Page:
Pianki’s December 2010 release Paper Window is his best work to date (and latest feature length work). In this remarkable group of songs Pianki takes his listeners on an adventure that is both meaningful and easy to listen to. His style varies at moments, but his sustained acoustic simplicity really helps to drive home the point of living a real, complicated life. It’s got an almost Woody Guthrie grit and realism to it, to say nothing of the brilliant songwriting turns of phrase. “Missing Parts,” a song about an absentee father, is as deep as it seems like it would be. The music is inviting and the message is hard to hear. The following piano-based song and title track “Paper Window Dreams” is one of Pianki’s best in his entire discography. It’s one of those songs that’s so good and so clear that we wonder what the artist was really thinking about when he wrote it. The song focuses on, again, something missing. The title highlights a lost vision of how he wished to see his life. He writes, “Everyone I ever met has felt something I haven’t yet.” Wow. It hurts to hear, but the music is self is so unbelievably enjoyable. Pianki put his heart right out there for us on this one. “New York or Here” is a quaint love song. Pianki delivers his lyrics with a deliberate sincerity that is nearly spoken as much as sung. It makes the words sink in a bit deeper, which is an intriguing message of unconditional love. It’s sweet. The tune, “This Town” is another of Pianki’s best. It’s nostalgia in the strangest way. It’s about returning to a place… but maybe not just a place. The first verse is about storms, the second the street, the third a face, and fourth “my dreams.” Taken together, these verses reflect a very holistic vision of a writer reminiscing a different time that was, perhaps, better. It’s complicated and delightful all in one fell swoop.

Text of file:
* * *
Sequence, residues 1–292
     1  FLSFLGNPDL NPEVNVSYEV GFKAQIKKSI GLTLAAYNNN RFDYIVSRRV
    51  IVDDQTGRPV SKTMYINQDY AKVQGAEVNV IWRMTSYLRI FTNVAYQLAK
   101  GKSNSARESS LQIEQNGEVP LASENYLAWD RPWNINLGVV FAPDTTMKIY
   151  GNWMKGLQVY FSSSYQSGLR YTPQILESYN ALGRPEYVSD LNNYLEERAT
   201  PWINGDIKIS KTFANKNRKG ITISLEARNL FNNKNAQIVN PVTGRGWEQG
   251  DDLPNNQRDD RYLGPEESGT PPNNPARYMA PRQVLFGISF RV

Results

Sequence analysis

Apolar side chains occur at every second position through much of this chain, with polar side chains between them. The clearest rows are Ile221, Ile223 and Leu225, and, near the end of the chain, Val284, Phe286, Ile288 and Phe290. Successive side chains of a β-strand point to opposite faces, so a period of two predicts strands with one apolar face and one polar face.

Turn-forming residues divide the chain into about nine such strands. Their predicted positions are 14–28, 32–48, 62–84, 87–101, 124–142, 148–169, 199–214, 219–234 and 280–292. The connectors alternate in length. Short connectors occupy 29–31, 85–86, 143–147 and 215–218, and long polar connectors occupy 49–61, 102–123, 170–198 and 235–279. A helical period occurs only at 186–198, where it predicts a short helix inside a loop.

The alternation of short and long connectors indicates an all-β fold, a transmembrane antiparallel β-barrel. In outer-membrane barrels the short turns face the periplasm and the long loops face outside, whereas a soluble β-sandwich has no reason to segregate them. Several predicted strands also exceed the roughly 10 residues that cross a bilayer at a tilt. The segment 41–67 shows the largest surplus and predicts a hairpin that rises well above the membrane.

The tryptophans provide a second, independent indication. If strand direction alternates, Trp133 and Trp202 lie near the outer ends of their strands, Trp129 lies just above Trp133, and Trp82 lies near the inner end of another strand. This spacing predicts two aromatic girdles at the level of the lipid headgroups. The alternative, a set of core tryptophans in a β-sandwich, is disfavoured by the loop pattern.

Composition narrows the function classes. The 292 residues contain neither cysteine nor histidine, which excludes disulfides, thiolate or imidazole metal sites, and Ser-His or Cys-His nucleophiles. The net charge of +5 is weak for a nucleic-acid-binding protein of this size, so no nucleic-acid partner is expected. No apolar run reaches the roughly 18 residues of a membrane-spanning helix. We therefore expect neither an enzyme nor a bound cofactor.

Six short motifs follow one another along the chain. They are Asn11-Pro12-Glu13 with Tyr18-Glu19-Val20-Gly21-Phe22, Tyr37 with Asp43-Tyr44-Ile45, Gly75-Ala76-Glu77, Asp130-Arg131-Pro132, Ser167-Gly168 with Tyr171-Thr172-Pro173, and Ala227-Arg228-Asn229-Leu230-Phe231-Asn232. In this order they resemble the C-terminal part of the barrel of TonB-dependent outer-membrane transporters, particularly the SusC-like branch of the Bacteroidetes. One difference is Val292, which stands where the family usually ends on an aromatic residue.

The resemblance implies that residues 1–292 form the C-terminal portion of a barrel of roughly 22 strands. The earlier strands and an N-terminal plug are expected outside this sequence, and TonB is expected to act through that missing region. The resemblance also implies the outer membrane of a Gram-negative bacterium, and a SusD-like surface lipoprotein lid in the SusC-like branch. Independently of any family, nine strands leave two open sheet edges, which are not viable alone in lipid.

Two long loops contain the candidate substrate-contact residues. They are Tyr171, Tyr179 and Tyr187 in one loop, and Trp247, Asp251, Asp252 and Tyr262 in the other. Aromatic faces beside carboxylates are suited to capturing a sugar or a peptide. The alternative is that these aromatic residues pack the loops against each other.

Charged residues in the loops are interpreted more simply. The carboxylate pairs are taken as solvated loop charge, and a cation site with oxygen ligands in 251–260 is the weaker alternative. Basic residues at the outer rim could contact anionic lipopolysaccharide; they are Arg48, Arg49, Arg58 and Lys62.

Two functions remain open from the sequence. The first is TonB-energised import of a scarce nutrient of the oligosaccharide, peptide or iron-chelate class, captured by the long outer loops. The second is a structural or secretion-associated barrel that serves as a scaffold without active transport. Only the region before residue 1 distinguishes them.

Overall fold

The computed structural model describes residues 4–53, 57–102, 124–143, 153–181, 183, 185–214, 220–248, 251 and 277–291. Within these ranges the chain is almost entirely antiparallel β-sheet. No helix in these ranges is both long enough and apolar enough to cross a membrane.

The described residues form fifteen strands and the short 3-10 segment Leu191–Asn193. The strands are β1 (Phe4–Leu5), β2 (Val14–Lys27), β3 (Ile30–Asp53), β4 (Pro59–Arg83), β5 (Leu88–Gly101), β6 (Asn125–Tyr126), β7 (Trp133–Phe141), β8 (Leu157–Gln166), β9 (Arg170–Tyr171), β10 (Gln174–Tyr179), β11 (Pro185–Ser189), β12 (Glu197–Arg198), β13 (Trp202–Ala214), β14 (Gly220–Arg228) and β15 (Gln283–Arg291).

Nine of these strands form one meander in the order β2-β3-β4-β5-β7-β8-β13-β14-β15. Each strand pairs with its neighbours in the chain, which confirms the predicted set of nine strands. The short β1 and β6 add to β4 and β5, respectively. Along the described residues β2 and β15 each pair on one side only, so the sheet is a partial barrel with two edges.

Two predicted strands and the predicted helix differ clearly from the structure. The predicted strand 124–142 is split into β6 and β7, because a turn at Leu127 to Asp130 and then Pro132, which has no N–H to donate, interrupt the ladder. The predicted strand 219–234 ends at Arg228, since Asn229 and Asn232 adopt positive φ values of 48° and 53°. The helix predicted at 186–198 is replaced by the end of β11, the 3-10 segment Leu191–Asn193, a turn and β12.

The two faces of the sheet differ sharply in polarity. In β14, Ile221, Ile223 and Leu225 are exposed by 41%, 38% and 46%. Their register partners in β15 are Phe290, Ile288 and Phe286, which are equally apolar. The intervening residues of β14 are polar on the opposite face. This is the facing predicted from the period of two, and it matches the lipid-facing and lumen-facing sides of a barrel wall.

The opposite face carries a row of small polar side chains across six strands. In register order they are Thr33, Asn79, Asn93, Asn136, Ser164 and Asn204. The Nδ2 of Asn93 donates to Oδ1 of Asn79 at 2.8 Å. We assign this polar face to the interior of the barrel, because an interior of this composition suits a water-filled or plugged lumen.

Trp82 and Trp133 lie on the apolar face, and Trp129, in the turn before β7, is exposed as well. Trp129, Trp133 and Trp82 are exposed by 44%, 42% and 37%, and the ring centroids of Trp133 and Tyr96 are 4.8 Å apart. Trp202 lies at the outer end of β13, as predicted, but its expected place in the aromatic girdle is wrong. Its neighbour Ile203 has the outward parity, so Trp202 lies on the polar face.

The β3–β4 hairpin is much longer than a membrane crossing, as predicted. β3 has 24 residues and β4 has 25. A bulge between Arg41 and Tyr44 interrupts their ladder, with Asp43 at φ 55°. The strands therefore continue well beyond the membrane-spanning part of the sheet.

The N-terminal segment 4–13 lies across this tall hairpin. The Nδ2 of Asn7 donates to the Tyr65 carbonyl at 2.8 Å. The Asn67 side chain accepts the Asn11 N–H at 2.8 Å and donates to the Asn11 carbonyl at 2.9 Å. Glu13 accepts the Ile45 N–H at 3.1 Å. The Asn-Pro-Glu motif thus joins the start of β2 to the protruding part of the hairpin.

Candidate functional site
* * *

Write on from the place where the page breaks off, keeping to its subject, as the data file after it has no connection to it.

Pianki’s catalog seems far from complete. He released a few other songs near the end of 2011, but seems to be keeping his work to himself for now. Considering his deeply emotional writing, I can’t say I blame him for wanting to hold his cards a little closer to his chest for a while. That said, I hope that he revisits writing music for the rest of us. His work on YouTube is often so understated but so good that I keep coming back for more. His co-conspirators Kiersten Holine and JT Royster both seem poised for successful careers. In the meantime (that is, while we wait for Pianki’s public return) he remains an example of why we even have this website. Frankly, more people need to know about the incredible music that Jeff Pianki is producing. Will you join us in sharing it? Thank you for your help.